If your brand does choose to take a stand on social justice issues, it’s essential that your stance is reflected throughout your entire organisation, as consumers are quick to highlight perceived hypocrisy. For example, in 2021, The Guardian wrote about 25 companies which portrayed themselves as LGBTQ-friendly through the liberal use of rainbow-themed imagery during Pride – but had also donated sizeable sums to politicians who supported anti-gay legislation.


So how can brands navigate this?

If your brand chooses to participate in Pride or other social awareness days, weeks or months throughout the year, some tips to bear in mind include:


Be prepared for backlash

Be aware that marketing initiatives that might seem well-intentioned in one country can be poorly received in others. It’s important to evaluate risks to ensure any backlash doesn’t obscure the positive message your campaign intended to promote. This leads on to our next point, which is…


Work with Local In-Market Experts

Working with LIMEs to tailor your messages to your target markets will help you avoid potential pitfalls or costly mistakes. For any communications that depict LGBTQ themes or individuals, speak to a LIME who is a member of that community. Often the nuances that may cause offence are subtle and easy to overlook, which is why it’s essential to talk to someone on the ground who can guide you.


Generate awareness for the cause, rather than yourself

Social justice awareness days, weeks and months aim to spread the word about important and often emotive causes. The best brand campaigns are those which unselfishly contribute to that goal, so it’s worth taking your time to craft your message and ensure it sincerely matches your company ethos.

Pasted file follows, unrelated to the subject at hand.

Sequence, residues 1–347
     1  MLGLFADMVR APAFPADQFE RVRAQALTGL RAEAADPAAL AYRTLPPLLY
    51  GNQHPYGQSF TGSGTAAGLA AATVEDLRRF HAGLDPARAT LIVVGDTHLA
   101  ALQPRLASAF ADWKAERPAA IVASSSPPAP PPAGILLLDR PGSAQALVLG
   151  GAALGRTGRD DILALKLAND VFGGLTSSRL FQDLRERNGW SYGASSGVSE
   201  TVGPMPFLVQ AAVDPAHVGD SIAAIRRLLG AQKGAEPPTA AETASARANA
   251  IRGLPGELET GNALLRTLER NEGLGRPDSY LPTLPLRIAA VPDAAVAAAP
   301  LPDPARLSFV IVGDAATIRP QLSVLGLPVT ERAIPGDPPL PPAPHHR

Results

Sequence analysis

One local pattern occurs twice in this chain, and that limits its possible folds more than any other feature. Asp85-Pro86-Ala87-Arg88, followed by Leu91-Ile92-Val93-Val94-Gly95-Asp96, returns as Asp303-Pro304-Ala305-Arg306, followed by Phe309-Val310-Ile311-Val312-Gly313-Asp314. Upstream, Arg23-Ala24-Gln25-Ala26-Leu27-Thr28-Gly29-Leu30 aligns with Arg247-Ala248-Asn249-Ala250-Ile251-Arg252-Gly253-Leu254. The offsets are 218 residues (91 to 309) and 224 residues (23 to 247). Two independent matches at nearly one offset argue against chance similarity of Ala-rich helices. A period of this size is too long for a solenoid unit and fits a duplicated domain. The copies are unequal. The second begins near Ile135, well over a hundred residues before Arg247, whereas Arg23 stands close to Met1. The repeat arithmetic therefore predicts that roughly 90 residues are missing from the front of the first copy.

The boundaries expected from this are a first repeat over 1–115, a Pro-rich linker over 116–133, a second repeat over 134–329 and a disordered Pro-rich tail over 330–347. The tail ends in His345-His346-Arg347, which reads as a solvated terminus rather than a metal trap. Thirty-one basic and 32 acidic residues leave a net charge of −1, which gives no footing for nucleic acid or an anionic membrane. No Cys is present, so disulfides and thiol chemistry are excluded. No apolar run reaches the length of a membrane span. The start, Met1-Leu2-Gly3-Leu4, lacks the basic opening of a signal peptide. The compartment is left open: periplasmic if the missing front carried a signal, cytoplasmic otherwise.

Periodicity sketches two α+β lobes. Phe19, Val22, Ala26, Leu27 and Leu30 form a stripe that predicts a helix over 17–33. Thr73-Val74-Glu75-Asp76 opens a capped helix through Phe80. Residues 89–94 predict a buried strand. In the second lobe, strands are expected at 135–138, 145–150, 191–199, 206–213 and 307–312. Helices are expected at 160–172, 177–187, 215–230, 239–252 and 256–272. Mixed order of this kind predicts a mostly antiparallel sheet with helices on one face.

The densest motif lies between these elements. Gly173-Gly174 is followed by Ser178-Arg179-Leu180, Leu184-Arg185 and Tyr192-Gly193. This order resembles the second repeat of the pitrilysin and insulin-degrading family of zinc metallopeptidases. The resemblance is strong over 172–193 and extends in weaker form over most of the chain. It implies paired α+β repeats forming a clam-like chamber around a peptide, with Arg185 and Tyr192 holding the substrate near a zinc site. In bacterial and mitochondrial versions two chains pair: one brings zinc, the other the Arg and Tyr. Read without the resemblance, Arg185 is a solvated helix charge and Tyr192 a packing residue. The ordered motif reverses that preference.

Talk about what you’re doing

As the old adage goes, show don’t tell. It’s one thing to express support for a cause – but it’s more powerful to act in support of it. Use awareness occasions to talk about what practical support your organisation is offering but be honest about what you’re doing. Make sure you practice what you preach – for example, some brands which championed International Women’s Day earlier this year attracted ridicule when it transpired that they didn’t practice equal pay themselves.


Only contribute if you have something to say

If you feel your brand has nothing of value to contribute to a particular social conversation or awareness occasion, then it’s better not to contribute than to make a token effort. There is enough social media noise already out there – brands don’t have to comment on every occasion unless they have something meaningful to say.


Be supportive all year round
Brands can trip themselves up by seeming only to support Pride in the month of June, rather than all year round. This applies to any social justice cause you support – living your values all year round, rather than on the set-piece awareness dates, will generate a greater impact and more respect from consumers in the long run.

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Planning an international digital marketing campaign? Oban can help. Our unique network of LIMEs – Local In-Market Experts – provide valuable cultural, linguistic and digital insights which often make the difference between success and failure. Get in touch to find out more.

Oban International is the digital marketing agency specialising in international expansion. Our LIME (Local In-Market Expert) Network provides up to date cultural input and insights from over 80 markets around the world, helping clients realise the best marketing opportunities and avoid the costliest mistakes.